From the Revd Alastair Bolt
Greetings! I write to you on Ash Wednesday, the beginning of Lent and thus 40 days until Easter. Amidst everything that is going on at the moment, I doubt if the general British public are very concerned with Lent beginning. They will be more concerned as to what the Prime Minister will say next week because it will have more immediate impact on our everyday lives. Yet Lent represents things that will have even more impact on our lives than a Government easing of Lockdown, an impact in this world and in the next. Lent reminds us of Jesus’ sufferings and death for us and thus the price and value of our salvation. It is also a time for us to increase our spiritual discipline, to seek to live better, more holy lives. Success in this will be a great blessing. Failure will highlight our need for the forgiveness that Jesus Christ won for us on the Cross.
We tend to think of Lent in terms of giving things up. This can make us feel that Christianity is negative; the more things you give up, the more God approves of us. I came across a car park sign in St Ives which was spectacularly negative. Obviously, you cannot park there without paying lots of money, and if you are touring don’t bring your caravan or your trailer. But there are lots of little icons to cryptically forbid lots of other fun things. You can’t play any ball games, which seems to include football and tennis, you cannot wear roller-boots, use skateboards or do trick-cycling. Camping is forbidden (although how you would get the pegs in I know not), neither is sleeping allowed in cars (so beware sitting down on a sunny afternoon after lunch!). And yet this is supposed to be a ‘Long Stay Car Park’. Who on earth would want a long stay there when you can’t do anything? If the next 40 days of Lent stretch before you as a period of not doing things, then think again. Giving up things which are bad for you (which is what sin is) is not spiritual discipline but repentance. So, your life in Lent with less sin in it will be much better than normal. On the other hand, spiritual disciplines involve attempting good things like prayer, silence, fasting, reading, exercise, or personal worship. As with all good things they take some effort and come at a price, which is why we are tempted not to attempt them. But push forward a little and you will feel the benefit. Jesus Christ says, “I have come that you may have life and life in all its fullness.” Discipleship is not like walking a moral tightrope worrying about falling off. It is like romping around in a big flower meadow edged by hedges to keep you from harm. What a joy to arrive in a small town as I have occasionally done to find a sign which says “Welcome, car park free”. That is pretty near the heart of the Gospel because Jesus has paid the price for us.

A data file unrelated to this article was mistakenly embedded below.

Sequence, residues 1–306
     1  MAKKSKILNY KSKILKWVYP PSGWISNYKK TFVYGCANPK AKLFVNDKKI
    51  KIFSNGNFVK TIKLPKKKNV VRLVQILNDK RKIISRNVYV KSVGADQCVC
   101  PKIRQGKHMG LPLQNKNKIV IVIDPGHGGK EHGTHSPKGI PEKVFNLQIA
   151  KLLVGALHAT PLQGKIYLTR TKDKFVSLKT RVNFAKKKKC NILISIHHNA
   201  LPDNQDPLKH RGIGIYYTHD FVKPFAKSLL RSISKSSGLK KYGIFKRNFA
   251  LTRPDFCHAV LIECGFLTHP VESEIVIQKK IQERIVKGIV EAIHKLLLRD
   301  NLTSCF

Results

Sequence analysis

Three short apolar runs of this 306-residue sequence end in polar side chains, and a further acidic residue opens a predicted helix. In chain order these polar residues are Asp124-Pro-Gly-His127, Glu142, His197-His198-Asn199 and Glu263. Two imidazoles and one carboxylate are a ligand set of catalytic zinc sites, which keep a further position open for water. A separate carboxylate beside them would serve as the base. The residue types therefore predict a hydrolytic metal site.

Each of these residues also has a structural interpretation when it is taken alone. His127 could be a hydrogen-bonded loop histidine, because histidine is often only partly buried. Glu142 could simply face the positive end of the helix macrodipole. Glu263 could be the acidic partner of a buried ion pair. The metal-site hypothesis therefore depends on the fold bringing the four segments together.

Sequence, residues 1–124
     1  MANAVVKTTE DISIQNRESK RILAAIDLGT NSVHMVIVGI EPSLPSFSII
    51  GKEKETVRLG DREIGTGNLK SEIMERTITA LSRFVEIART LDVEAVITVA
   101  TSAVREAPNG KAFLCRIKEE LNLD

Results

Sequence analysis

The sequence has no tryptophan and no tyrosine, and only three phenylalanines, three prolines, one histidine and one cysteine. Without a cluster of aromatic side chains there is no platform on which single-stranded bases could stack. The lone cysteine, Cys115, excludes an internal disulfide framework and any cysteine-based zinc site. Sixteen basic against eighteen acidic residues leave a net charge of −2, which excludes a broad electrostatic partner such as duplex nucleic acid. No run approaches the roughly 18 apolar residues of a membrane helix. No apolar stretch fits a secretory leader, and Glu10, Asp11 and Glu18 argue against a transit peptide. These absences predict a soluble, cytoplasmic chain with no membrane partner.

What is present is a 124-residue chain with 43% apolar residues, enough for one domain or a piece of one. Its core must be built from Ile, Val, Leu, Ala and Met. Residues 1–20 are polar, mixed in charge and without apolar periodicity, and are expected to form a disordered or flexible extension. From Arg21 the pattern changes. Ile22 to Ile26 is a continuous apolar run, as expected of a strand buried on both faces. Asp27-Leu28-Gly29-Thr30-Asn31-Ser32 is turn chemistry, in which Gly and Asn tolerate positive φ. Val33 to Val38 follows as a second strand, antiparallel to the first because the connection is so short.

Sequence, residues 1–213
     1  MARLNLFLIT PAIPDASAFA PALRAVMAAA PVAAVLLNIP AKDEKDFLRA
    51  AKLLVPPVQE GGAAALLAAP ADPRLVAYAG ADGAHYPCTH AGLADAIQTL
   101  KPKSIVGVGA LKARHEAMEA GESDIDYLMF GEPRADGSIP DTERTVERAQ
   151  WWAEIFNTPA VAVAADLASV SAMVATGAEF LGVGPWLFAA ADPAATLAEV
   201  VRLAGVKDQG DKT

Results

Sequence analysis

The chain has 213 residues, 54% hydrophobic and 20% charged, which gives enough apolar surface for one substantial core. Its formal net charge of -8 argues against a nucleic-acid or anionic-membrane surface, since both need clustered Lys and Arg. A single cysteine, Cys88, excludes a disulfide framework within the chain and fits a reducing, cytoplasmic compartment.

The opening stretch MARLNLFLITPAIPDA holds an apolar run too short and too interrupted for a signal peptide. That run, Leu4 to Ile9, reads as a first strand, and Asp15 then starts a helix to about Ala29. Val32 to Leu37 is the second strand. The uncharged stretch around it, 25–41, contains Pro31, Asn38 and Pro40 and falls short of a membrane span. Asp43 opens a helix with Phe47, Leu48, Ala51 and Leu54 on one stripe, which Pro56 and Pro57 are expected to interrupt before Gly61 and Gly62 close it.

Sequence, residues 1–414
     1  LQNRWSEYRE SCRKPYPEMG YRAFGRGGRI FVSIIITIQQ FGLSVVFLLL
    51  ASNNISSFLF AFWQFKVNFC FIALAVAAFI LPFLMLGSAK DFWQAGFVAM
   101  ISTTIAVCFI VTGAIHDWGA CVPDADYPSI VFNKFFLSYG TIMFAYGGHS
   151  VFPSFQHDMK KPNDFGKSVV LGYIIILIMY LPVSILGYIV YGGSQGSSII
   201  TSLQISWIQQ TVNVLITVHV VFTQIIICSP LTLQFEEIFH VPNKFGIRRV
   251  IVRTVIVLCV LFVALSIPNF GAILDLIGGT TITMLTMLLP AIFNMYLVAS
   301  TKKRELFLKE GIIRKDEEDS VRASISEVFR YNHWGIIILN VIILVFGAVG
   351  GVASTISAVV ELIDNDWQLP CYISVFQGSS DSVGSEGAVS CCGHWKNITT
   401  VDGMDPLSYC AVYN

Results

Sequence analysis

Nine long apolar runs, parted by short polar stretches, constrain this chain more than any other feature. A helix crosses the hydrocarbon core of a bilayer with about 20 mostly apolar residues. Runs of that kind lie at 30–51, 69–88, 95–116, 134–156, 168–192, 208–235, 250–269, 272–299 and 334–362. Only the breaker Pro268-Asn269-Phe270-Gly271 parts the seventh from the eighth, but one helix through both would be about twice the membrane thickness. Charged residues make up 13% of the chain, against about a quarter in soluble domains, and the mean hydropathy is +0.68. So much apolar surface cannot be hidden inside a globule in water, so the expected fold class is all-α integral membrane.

Sin is essentially the result of not following our Maker’s instructions. My Dyson vacuum cleaner recently had a deep blockage. I love Dysons, they are so good to explore and I was soon into open-heart surgery. But I got into an intractable situation so that Jane suggested looking at the instruction book as a last resort. Anyway, problem sorted in no time, and I’m thinking I should use the Bible in the same way, but as a first resort. Now I have a new temptation. I know so much about the instruction book that I think I could write it! So how well do I know my Bible?
We have a new fridge. It arrived when only my wife was available to unpack it and it was quite a struggle. Deep inside the fridge, there was an instruction leaflet which began, “this appliance needs two people to unpack it”.
Warm regards to you all,
Published at 15:09 on 17 February 2021